TRANSPORT MINISTER John Spellar insisted this week that rail targets in the government's 10 year transport plan would be achieved.
Spellar rejected industry calls for a review of targets for a 50% rise in passenger and 80% rise in freight services by 2010.
Despite delays caused by Hatfield and fears over investment in the wake of terrorist attacks in America, Spellar said targets would be met under existing financing plans.
Speaking to NCE at the Labour Party conference in Brighton this week, Spellar also quashed rumours of an imminent merger between the Office of the Rail Regulator and the Strategic Rail Authority (SRA), saying it would cause turmoil.
Earlier, Spellar told a packed fringe meeting that a shortlist had been drawn up for a successor to Sir Alastair Morton as chairman of the SRA and a decision would be made shortly.
He admitted that so far the SRA had not fulfilled expectations or provided leadership to the rail industry. In a swipe at Morton, he added: 'Hopefully the new leadership will provide that'.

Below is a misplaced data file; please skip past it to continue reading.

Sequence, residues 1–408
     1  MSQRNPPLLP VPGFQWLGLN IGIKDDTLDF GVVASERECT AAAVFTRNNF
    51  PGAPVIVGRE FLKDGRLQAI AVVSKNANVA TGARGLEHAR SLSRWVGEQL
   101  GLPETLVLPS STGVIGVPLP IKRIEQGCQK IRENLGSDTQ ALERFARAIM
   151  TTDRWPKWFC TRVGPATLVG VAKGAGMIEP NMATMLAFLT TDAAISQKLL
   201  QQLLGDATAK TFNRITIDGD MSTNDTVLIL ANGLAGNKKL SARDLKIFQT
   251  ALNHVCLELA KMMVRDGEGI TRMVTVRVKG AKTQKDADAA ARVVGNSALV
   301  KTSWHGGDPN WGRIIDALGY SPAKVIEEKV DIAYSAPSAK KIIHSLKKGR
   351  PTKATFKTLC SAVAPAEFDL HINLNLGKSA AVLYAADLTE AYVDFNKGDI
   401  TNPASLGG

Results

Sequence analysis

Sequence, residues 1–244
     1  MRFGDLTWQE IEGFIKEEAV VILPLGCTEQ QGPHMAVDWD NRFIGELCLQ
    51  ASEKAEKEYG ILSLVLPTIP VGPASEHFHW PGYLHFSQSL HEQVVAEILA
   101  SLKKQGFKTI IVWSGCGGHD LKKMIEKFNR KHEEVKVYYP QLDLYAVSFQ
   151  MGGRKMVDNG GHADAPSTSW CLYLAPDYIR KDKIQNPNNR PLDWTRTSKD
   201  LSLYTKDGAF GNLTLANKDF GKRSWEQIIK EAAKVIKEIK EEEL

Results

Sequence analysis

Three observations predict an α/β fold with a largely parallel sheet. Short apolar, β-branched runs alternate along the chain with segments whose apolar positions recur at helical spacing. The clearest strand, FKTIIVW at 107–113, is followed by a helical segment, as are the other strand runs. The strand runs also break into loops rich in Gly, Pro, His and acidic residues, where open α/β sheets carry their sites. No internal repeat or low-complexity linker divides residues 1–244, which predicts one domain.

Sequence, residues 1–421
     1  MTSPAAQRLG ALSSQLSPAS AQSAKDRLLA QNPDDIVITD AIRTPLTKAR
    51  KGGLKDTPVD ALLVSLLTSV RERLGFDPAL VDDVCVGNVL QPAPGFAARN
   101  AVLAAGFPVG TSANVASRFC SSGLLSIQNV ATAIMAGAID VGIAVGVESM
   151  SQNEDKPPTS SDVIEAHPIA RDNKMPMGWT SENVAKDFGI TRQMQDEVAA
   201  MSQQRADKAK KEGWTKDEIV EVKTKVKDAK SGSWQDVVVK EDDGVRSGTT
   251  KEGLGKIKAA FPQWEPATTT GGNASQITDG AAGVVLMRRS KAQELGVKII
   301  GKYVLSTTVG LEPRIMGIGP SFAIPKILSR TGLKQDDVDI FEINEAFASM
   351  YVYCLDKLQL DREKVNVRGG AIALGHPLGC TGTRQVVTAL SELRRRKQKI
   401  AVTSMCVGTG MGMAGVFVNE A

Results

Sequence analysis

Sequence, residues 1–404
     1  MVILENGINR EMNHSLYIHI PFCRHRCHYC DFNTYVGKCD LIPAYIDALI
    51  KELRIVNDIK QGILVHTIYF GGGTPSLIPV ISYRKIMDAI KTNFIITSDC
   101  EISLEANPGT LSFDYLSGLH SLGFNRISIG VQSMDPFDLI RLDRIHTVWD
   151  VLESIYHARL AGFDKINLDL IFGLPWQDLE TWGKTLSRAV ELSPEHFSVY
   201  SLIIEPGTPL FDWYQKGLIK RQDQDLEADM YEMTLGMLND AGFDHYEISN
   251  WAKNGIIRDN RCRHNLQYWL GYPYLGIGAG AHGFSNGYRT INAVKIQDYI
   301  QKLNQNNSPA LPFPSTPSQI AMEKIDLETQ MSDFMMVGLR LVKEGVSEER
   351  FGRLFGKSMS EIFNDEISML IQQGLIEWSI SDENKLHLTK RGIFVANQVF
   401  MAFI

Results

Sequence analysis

But Spellar ruled out a merger of the two regulators, saying stability was now required.
He stressed the need for the railways to win back public confidence, and said short term franchises would do that by getting instant results. But, he added, each franchise would be looked at individually and there was no template. Decisions would be made according to what was best for that region.
Chris Green, chief executive of Virgin Rail, told NCE that recent rumours that Virgin was to sell its rail business were 'ridiculous'.
He believed Railtrack would deliver the first phase of the West Coast Main Line upgrade on time by the end of next year, allowing trains to travel at up to 200km/h.
But trying to predict if the second phase, due to be completed by 2005, would be finished on time was like trying to predict the 'toss of a coin', he said.
He restated his company's position that 'a lot of money' would be sought in compensation if the upgrade was not delivered as contracted.